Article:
- Configure Your Server: The next step is to configure your server to use SNI. This typically involves adding a separate configuration block for each site that you want to host on the server, and specifying the SSL certificate to use for each site. The exact steps will depend on your server software.
- Test Your Configuration: After configuring your server, you should test it to ensure that it’s correctly using SNI. You can do this by visiting each site that you’re hosting on the server and checking that the correct SSL certificate is being used.
Use Case: A hosting provider uses SNI to serve multiple websites from the same IP address. This allows them to efficiently use their IP address space and simplify their network configuration. They configure their server to use a different SSL certificate for each site, and they regularly test their configuration to ensure that the correct certificate is being used for each site. This ensures that each site has a secure, trusted connection, even though they’re all being served from the same IP address.
Optimize Performance with Session Resumption
Session resumption is a feature of the TLS protocol that allows a client and server to use the same encryption keys across multiple sessions, reducing the overhead of establishing a new secure connection each time. This can significantly improve performance, especially for applications where the client frequently disconnects and reconnects.
Here’s how you can use session resumption:
- Ensure Your Server Software Supports Session Resumption: The first step is to ensure that your server software supports session resumption. Most modern web servers, including Apache, Nginx, and IIS, support this feature.
- Configure Your Server: The next step is to configure your server to use session resumption. This typically involves enabling the session cache and setting a timeout value for the cache. The exact steps will depend on your server software.
- Test Your Configuration: After configuring your server, you should test it to ensure that it’s correctly using session resumption. You can do this by establishing a TLS connection to your server, disconnecting, and then reconnecting. If session resumption is working correctly, the second connection should be faster to establish than the first.
Use Case: A mobile app uses session resumption to maintain fast and secure connections. This is particularly useful when the app is used in areas with spotty network coverage, as it allows the app to quickly re-establish a secure connection after a dropout. The app’s developers configure their server to use session resumption, and they regularly test the feature to ensure it’s working correctly. This ensures that the app can provide a fast, seamless experience for users, even in challenging network conditions.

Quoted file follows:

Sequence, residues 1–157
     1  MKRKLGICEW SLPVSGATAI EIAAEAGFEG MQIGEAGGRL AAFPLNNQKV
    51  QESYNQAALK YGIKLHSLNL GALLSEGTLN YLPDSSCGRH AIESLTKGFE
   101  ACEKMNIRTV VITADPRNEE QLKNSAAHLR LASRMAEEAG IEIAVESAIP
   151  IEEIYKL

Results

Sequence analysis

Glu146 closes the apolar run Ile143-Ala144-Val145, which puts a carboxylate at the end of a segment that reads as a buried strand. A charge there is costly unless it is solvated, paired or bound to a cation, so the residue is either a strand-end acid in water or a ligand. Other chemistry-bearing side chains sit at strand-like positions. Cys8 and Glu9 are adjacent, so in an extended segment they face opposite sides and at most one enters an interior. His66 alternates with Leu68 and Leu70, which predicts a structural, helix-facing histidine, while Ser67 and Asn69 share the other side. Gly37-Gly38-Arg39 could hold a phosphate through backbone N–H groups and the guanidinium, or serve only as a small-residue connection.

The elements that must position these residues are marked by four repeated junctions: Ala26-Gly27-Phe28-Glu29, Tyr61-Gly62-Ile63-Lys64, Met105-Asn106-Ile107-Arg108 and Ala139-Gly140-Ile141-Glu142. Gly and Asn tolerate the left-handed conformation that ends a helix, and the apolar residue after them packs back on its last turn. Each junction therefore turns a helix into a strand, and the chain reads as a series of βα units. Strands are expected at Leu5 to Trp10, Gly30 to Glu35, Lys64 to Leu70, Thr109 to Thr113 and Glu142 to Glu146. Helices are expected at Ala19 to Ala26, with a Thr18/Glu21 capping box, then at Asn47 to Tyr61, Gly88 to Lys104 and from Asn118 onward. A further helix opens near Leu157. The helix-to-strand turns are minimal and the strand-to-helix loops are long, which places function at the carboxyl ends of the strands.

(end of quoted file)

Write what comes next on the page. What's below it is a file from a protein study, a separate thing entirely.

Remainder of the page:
Ensure Certificate Validity with OCSP Stapling
Online Certificate Status Protocol (OCSP) stapling is a method for improving the performance of SSL/TLS while maintaining the security of the connection. It allows the server to fetch the current status of its own certificates from the Certificate Authority (CA) and then deliver that status to clients during the TLS handshake.
Here’s how you can implement OCSP stapling:
- Ensure Your Server Software Supports OCSP Stapling: The first step is to ensure that your server software supports OCSP stapling. Most modern web servers, including Apache, Nginx, and IIS, support this feature.
- Configure Your Server: The next step is to configure your server to use OCSP stapling. This typically involves enabling the feature in your server’s SSL/TLS configuration and specifying a location for the server to store the OCSP responses. The exact steps will depend on your server software.
- Test Your Configuration: After configuring your server, you should test it to ensure that it’s correctly using OCSP stapling. You can do this by establishing a TLS connection to your server and checking that the server includes an OCSP response in the TLS handshake.
Use Case: An online retailer uses OCSP stapling to quickly verify the status of its SSL certificate. This ensures that customers always have a secure connection and can trust that their data is safe. The retailer’s IT team configures their server to use OCSP stapling, and they regularly test the feature to ensure it’s working correctly. This helps to maintain the trust of their customers and protect their sensitive data.
Disable TLS Compression to Mitigate CRIME Attack
TLS compression is a feature that can improve the performance of SSL/TLS by reducing the amount of data that needs to be sent over the network. However, it can also make the connection vulnerable to the CRIME (Compression Ratio Info-leak Made Easy) attack, which can allow an attacker to infer the contents of encrypted traffic.
Here’s how you can disable TLS compression:
- Ensure Your Server Software Supports Disabling TLS Compression: The first step is to ensure that your server software supports disabling TLS compression. Most modern web servers, including Apache, Nginx, and IIS, support this feature.
- Configure Your Server: The next step is to configure your server to disable TLS compression. The exact steps will depend on your server software. For example, in Apache, you might add a line like this to your configuration file:
This line tells the server not to use compression for SSL/TLS connections.
- Test Your Configuration: After configuring your server, you should test it to ensure that it’s correctly disabling TLS compression. You can do this by establishing a TLS connection to your server and checking that the connection is not using compression.
Use Case: A financial institution disables TLS compression on its servers to protect against the CRIME attack. This helps to ensure the confidentiality of sensitive financial data, such as account numbers and transaction details. The institution’s IT team configures their servers to disable TLS compression, and they regularly test the servers to ensure they’re correctly implementing this security measure. This helps to protect the institution’s customers and maintain their trust.
Implement TLS Session Tickets Correctly